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Comic book films should remember that less is more

Graphic by Ethan Nelson

Everyone starts with fundamentals that are taken for granted. Yet, what I increasingly find respect for are those fundamentals which rely upon the intuitive simplicity that they create.

Movies, shows and graphic novels have become too complicated in their pursuit of gimmicks and reverence for pointless detail and noise that distracts from the beauty they try to instill.

Obviously, when it comes to appreciating any type of media, it has to look good. But with such a subjective medium, it is easier to criticize what is lost when the simplicity is taken away.

Simplicity’s greatest and most important aspect is the lost art of readability. Having simplistic motivations means everyone can understand them and can insert themselves into the character’s shoes just as a piece of art that sheds details can be clearly parsed.

So, when watching “Black Panther: Wakanda Forever,” I was taken aback by the action and how even though it was choreographed well, it still fell flat. I could tell that the actors were making certain moves, but the framing got in the way of portraying what was going on.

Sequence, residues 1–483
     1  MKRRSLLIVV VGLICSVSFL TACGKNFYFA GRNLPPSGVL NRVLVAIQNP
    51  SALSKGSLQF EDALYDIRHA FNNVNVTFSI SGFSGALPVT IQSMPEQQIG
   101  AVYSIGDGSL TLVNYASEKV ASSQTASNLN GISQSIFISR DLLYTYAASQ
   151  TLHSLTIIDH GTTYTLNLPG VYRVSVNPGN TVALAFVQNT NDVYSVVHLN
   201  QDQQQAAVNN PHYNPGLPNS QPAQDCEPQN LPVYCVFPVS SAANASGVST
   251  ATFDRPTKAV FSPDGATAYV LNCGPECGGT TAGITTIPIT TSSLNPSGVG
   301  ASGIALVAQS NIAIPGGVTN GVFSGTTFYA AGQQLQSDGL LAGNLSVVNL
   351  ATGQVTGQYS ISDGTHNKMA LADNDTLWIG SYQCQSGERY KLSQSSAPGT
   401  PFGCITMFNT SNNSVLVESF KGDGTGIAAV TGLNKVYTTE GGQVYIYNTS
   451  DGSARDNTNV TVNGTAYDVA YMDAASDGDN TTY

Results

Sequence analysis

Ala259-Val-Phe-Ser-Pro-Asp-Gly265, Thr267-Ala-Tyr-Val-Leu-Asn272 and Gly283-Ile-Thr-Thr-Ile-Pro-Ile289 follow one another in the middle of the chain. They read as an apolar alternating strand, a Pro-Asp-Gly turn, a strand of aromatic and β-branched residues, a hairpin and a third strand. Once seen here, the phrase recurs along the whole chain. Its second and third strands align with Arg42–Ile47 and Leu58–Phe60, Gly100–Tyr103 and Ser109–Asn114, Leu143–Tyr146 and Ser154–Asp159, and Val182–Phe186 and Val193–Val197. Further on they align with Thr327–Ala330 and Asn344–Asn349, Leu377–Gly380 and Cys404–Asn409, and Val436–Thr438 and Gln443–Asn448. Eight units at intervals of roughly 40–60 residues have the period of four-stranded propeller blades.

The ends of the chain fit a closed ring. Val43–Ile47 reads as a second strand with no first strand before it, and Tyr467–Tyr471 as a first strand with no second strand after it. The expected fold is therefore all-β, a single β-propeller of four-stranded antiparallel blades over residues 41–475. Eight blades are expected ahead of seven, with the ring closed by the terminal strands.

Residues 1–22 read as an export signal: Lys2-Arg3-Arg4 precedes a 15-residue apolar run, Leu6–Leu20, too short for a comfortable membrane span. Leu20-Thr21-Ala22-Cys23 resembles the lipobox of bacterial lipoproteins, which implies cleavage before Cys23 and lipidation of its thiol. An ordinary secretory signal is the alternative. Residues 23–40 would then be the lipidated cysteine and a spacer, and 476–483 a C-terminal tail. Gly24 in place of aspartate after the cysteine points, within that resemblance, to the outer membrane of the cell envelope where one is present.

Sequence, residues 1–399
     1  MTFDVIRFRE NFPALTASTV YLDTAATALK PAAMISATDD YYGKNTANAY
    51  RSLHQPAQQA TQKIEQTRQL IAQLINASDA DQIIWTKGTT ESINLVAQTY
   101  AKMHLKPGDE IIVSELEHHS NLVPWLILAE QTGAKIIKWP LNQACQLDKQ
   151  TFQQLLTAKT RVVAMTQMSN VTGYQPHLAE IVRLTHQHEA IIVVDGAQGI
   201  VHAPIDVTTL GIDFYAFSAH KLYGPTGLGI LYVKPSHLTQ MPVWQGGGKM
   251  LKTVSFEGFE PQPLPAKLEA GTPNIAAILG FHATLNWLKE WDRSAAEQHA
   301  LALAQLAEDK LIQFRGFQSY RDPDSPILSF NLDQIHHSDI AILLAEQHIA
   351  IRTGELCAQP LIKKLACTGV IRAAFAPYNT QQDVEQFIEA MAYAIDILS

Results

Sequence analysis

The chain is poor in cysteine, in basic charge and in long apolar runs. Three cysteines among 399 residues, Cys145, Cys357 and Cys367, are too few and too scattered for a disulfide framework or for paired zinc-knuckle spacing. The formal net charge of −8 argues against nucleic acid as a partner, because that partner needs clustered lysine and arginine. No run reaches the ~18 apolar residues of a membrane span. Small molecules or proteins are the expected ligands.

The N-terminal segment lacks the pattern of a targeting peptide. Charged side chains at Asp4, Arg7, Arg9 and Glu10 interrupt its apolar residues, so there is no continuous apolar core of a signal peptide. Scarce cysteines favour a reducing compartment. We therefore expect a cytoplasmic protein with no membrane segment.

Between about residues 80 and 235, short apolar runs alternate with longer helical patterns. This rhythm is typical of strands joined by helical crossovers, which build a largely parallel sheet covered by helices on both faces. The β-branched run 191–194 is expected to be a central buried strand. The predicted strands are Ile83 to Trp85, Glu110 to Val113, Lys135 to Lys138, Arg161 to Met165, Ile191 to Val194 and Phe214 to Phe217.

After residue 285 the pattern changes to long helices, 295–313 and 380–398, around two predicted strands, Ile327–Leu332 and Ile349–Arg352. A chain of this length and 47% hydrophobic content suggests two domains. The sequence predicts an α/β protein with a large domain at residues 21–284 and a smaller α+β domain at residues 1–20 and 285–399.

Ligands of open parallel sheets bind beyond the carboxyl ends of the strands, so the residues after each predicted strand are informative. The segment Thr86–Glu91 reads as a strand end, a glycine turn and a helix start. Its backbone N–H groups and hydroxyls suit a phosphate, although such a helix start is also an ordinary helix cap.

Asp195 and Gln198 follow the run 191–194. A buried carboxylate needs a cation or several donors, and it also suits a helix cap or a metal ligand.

If one of the main selling points of the film is the effects, why can’t the viewer tell what is going on?

A similarly muddled mess can be found in modern comic books displaying color gradients and entire pages dedicated to shaded and highly detailed figures.

A clear contrast to this mess can be seen in a famous sequence in “The Amazing Spider-Man” as part of a story called “If This Be My Destiny!” In it, Spider-Man is trapped beneath rubble and struggles to lift it until he remembers that he must save his aunt’s life by getting her a nearby serum. A simplistic plot with clear motivations is told while the details and the specific way it unfolds makes it complex and memorable.

It also helps to have art by Steve Ditko who uses simple linework and selective detail to increase the tension and investment of the reader, panel by panel.

Simplicity works best on a larger scale and complexity is best used to introduce startling and interesting details that serve that larger point – such as a desolate mountain painting utilizing paint that provides a rough texture.

If the basic idea, image, or premise is not too compelling then the foundation is shaky enough to see that it will not create an impression on anybody. If the technical skill is there, even then that will not ensure a work will accomplish its goal.

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